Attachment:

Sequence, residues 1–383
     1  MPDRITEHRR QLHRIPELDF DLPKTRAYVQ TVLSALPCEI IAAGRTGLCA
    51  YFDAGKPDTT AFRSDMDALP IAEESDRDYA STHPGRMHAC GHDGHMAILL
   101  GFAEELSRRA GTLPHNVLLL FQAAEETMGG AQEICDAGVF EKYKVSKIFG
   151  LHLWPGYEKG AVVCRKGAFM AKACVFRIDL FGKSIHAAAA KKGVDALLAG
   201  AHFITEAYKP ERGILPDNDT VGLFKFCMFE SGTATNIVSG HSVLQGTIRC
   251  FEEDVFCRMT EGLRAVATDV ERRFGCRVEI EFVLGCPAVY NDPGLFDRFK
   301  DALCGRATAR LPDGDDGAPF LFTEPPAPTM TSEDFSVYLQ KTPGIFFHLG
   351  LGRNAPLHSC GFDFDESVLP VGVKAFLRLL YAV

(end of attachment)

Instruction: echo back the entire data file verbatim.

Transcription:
Sequence, residues 1–383
     1  MPDRITEHRR QLHRIPELDF DLPKTRAYVQ TVLSALPCEI IAAGRTGLCA
    51  YFDAGKPDTT AFRSDMDALP IAEESDRDYA STHPGRMHAC GHDGHMAILL
   101  GFAEELSRRA GTLPHNVLLL FQAAEETMGG AQEICDAGVF EKYKVSKIFG
   151  LHLWPGYEKG AVVCRKGAFM AKACVFRIDL FGKSIHAAAA KKGVDALLAG
   201  AHFITEAYKP ERGILPDNDT VGLFKFCMFE SGTATNIVSG HSVLQGTIRC
   251  FEEDVFCRMT EGLRAVATDV ERRFGCRVEI EFVLGCPAVY NDPGLFDRFK
   301  DALCGRATAR LPDGDDGAPF LFTEPPAPTM TSEDFSVYLQ KTPGIFFHLG
   351  LGRNAPLHSC GFDFDESVLP VGVKAFLRLL YAV